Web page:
Place the remaining 70 to 75 percent of chopped chocolate in a microwave-safe bowl and microwave on half-power, being very careful to stir the mixture every minute until it is almost completely melted, which should take about four to five minutes.
Remove the bowl of chocolate from the microwave and stir to cool it slightly. Removing the bowl before all the chocolate is completely melted will help prevent over heating. You don’t want your chocolate to burn. Those last bits of solid chocolate will melt as you stir. Using a thermometer, check the temperature of the melted chocolate—it should be between:
I’ve indicated a range of temperatures above as not all thermometers are perfectly accurate.
Step 2. Add the seed chocolate you have set aside.
Start adding handfuls of the grated chocolate you set aside to the melted chocolate. Stir in the seeding chocolate bits continuously until the desired temperature (see below) is reached and the bits have dissolved completely. This could take anywhere from 10 to 15 minutes, depending on the temperature of your environment. Your chocolate should now be tempered.
Make sure to stir the tempered chocolate and check the temperature during the time you are using it for dipping or molding. You can put the tempered chocolate mass in the microwave for 10 – 15 seconds at half-power if the temperature starts to drop. Just make sure that you don’t raise the temperature above 90° F (32° C) or you will lose your temper and have to start over again at Step 1.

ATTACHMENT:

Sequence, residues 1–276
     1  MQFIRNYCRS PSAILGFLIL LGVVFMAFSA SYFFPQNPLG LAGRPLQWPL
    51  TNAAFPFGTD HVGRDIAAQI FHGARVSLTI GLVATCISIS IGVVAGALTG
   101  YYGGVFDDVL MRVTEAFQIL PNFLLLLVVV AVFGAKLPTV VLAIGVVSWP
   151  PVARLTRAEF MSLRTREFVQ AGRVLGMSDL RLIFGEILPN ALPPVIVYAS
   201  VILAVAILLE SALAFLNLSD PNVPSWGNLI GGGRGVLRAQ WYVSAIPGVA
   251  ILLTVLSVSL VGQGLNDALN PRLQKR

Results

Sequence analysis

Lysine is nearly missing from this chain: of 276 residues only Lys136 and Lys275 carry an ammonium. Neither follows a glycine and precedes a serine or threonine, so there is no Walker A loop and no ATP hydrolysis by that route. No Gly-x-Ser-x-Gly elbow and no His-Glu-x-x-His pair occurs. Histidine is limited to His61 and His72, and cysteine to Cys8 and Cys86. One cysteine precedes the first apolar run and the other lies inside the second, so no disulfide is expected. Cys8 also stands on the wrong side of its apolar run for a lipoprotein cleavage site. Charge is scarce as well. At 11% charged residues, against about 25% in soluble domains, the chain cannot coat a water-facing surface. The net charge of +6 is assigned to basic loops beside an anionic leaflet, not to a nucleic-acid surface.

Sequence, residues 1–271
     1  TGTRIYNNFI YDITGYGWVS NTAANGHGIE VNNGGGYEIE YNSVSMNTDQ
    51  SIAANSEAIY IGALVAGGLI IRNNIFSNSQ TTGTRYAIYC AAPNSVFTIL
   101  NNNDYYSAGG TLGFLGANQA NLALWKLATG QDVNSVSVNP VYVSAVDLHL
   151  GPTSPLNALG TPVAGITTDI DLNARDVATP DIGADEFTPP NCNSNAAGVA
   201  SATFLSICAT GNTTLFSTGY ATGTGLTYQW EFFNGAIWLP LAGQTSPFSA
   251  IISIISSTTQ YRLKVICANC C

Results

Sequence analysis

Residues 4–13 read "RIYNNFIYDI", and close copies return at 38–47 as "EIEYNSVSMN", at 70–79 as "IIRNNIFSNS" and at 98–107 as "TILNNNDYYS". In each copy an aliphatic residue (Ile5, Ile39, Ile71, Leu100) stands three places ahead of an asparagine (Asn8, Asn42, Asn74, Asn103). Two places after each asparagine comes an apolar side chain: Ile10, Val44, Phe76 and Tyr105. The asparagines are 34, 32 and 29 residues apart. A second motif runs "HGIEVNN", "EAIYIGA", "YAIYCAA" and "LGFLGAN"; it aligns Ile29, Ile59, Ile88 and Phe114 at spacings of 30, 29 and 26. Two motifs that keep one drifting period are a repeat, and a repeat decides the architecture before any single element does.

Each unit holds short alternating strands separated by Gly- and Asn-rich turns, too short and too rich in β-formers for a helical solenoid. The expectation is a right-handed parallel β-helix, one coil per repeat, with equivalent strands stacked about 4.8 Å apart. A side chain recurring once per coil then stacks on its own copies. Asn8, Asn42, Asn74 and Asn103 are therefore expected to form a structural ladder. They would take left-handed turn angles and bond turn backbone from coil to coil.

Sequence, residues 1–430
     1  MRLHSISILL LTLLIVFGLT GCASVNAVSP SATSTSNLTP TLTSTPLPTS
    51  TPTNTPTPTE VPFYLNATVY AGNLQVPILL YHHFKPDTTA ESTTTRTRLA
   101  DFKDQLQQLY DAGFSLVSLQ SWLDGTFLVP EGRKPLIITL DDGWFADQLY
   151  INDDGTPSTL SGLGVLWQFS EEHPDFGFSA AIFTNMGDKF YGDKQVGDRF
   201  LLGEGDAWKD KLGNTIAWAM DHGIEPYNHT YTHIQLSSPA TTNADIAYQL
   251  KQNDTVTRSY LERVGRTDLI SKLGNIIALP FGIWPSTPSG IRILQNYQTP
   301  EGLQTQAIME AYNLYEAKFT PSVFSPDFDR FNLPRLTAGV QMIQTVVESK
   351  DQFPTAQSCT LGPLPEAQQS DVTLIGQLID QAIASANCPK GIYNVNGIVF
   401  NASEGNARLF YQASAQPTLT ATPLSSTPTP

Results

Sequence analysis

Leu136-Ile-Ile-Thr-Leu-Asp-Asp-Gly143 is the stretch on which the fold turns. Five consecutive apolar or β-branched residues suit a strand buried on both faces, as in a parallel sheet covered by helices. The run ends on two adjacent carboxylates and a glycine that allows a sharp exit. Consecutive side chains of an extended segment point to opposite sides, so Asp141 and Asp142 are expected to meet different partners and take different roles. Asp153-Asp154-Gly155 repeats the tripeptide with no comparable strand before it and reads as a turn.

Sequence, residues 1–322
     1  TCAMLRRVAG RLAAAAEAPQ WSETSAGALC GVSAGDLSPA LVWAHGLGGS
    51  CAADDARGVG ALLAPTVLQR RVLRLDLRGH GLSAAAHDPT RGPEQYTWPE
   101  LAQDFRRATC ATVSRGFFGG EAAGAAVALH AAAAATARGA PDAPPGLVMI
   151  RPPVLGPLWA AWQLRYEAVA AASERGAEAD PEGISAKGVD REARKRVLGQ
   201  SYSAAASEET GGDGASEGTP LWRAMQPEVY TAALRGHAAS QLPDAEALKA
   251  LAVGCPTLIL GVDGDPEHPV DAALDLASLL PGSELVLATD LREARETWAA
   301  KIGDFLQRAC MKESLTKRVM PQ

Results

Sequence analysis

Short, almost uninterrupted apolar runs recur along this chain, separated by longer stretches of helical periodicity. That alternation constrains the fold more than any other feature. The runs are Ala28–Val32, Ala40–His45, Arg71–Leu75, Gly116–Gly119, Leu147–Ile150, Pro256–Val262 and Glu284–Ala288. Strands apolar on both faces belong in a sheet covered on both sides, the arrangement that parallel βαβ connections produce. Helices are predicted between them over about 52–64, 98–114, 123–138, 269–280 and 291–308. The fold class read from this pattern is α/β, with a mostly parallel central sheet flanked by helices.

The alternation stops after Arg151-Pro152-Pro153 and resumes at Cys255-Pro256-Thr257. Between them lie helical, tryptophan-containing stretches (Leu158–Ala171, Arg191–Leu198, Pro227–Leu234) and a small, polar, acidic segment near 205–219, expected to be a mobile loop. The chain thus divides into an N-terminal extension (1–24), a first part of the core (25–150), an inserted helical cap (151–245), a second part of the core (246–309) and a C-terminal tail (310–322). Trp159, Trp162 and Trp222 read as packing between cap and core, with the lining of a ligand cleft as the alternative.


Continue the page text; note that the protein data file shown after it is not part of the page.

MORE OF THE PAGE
A heating pad put around the bottom and sides of the bowl will help if you are doing a lot of work at one time. Again, make sure the heating pad doesn’t raise the temperature of the chocolate too high. Keep stirring and checking the chocolate mass with a thermometer.
About Chocolate Seize
This is when your melted chocolate mass becomes a paste that is grainy, dull, and thick. There are two conditions that bring about chocolate seize:
Chocolate is made up of dry ingredients (cocoa solids, sugar, and possibly milk powder) suspended in cocoa butter. A small drop of liquid will moisten the dry ingredients and allow the cocoa solids to clump together and separate from the cocoa butter. Remember the old saying that oil and water don't mix? This is why you never cover a pot of chocolate with a lid (because the steam will condense and drop into the chocolate) and why you need to be very careful when using a double boiler. If this happens, the chocolate will not temper, but it doesn’t have to go to waste; it can be used in baking or truffle centers.
Interestingly, if you add in more liquid to the chocolate (a minimum of one tablespoon of liquid per ounce of chocolate), the melted chocolate will remain in a liquid state because the dry particles get saturated by the moisture and detach from each other. They then are suspended in the liquid again so the chocolate mass is back to a liquid form. You'll find this technique used to make chocolate sauces and syrups or for flavoring cakes and pastries.
Overheating separates the cocoa solids and other dry ingredients from the cocoa butter. Chocolate solids and dry ingredients will burn if heated to 130 degrees. The result is a dry, discolored paste. There’s no retrieving burnt chocolate, so be very careful when heating in a double boiler or microwave.